Every time you blink, something changes in the world of business and branding. It’s especially true of this moment in history: as a society in flux breaks from the norms of the past, brands are stepping in to comfort, heal, and make a statement on how they’ll fit into the future that lies ahead. Spy10 is here to capture all the moments you missed, and explore the ones that might mean something big to your brand.. because right now, you could be the next innovator the world needs.
Here are the highlights:
1) Rise of neumorphism in UI design
There is an emerging aesthetic in web and user interface (UI) design that gets everyone talking: Neumorphism. In short, this new trend brings a clean, solid look and subtle contrast to user interfaces. Experts suggest that if it is explored beyond basic visuals, neumorphism has potential to make user interfaces more understandable, approachable, and beautiful.
At their latest WWDC event, Apple unveiled a whole new version of macOS which signaled that the tech giant is moving towards neumorphism in their UI design aesthetic. With this new design aesthetic, Apple is aiming to bring newness and differentiation to its platforms.
Today, there is no differentiation between online and offline worlds as we become more reliant on digital tools in our everyday lives. With this, aesthetic trends in UI and web design become more influential in how we experience brands ––both online and offline.
2) Innovating tools for "WFH"
Zoom has become our new workplace in the time of pandemic. Although it is an efficient platform to replace in-person meetings, research shows that back-to-back virtual meetings can create fatigue as they require more focus.
To solve this problem a new app emerges. The TikTok-like app Voodle allows team members to create brief, one-minute videos so they can share important news and messages quickly ––without distractions and fatigue that a virtual meeting could cause.
Another platform, Pragli, uses a social network environment to create opportunities for more spontaneous conversation and an "open door" an water cooler conversation and spontaneous interactions in an office, where people can jump into one another’s discussions.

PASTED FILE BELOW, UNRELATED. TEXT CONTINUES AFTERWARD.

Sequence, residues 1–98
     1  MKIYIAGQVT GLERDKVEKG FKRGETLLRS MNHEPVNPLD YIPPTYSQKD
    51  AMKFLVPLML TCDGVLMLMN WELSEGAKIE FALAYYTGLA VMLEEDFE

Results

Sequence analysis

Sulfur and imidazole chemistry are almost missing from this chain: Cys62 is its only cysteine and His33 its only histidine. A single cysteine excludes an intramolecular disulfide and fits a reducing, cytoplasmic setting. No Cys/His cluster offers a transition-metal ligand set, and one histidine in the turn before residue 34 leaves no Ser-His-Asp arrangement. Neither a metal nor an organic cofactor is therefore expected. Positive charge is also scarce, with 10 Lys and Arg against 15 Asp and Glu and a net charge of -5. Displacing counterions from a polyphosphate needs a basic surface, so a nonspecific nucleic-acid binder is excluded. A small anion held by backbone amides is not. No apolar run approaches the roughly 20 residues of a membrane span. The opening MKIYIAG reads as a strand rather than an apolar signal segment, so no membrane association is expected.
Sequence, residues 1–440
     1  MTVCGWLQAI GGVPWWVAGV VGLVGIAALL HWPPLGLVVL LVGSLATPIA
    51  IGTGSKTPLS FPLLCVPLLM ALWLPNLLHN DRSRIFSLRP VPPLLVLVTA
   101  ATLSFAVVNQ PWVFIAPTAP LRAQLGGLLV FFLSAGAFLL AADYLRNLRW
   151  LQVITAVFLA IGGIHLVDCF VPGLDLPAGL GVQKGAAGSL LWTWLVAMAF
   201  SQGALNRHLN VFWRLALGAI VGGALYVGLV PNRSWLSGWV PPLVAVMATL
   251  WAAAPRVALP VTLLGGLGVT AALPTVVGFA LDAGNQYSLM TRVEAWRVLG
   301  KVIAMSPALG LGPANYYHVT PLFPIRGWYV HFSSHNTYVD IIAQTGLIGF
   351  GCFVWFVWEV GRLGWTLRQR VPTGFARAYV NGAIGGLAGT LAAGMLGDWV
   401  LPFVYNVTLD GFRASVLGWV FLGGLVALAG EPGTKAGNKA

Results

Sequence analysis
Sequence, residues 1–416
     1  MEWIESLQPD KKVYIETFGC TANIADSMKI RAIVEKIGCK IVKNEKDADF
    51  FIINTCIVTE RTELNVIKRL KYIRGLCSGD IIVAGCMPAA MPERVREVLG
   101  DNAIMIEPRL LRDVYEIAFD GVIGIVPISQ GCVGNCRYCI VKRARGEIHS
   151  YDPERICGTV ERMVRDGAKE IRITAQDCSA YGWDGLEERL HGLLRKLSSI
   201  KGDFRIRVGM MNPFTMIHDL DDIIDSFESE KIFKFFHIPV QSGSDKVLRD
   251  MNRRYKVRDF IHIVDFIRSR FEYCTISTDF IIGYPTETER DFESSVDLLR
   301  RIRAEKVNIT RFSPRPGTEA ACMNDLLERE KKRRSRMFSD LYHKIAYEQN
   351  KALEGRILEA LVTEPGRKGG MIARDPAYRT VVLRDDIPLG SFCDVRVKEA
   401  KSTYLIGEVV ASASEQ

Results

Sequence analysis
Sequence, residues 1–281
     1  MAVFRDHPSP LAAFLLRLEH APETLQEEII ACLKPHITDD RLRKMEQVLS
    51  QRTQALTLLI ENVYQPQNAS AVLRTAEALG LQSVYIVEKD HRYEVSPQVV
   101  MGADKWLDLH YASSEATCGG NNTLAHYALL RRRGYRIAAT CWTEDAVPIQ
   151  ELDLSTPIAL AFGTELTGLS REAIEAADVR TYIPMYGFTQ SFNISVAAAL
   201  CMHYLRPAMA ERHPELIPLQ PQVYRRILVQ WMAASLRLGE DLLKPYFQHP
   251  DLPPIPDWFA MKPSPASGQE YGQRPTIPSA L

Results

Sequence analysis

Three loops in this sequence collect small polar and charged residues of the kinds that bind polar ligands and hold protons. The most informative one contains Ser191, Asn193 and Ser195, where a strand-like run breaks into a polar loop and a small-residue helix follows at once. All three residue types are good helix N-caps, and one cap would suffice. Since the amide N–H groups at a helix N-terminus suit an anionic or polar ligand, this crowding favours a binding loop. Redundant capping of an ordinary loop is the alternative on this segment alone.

After spending decades in physical workplaces, we were forced to transition to digital ones. But WFH is here to stay and it is the future of work. We will see more innovations and tools that help minimize the mental drain of virtual work life and foster team culture.
3) A Sober future for the alcohol industry
‘Sober curious’ movement increases the demand for virgin drinks and mocktails. In line with this, we have witnessed the boom of non alcoholic spirits business in the past few years.
Ghia is the latest brand entering the non alcoholic spirits space. Inspired by mediterranean Aperitivo, Ghia offers a bold combination of botanicals, herbs, and juices that kickstart the appetite ––and the conversation.
Beyond being alcohol-free, those spirits bring an option to consumers who are looking for products aligned with their conscious mindset. In the future, we might see major alcohol brands expanding their portfolios with non-alcoholic beverages to ensure that everyone can enjoy a wind down moment or a conversation with friends while sipping a flavorful drink of their choice.
4) Instagram, A digital shopping mall
Small business owners are harder hit by the pandemic. COVID-19 has also fast-tracked the adoption of e-commerce, bringing new challenges to those business owners who have not digitally transformed their businesses.
Last month, Instagram announced that they will expand their commerce eligibility requirements to help creators and small business owners sell on their platform. To become eligible, creators only need to have a website and at least one product for sale.
Social media was an important purchase influencer in our pre-COVID world, last year 84% of US consumers said that they checked a brand’s social media page before making their purchase. The absence of physical stores could accelerate the adoption of social media shopping ––and make Instagram the biggest shopping mall.
5) Igniting optimism through creativity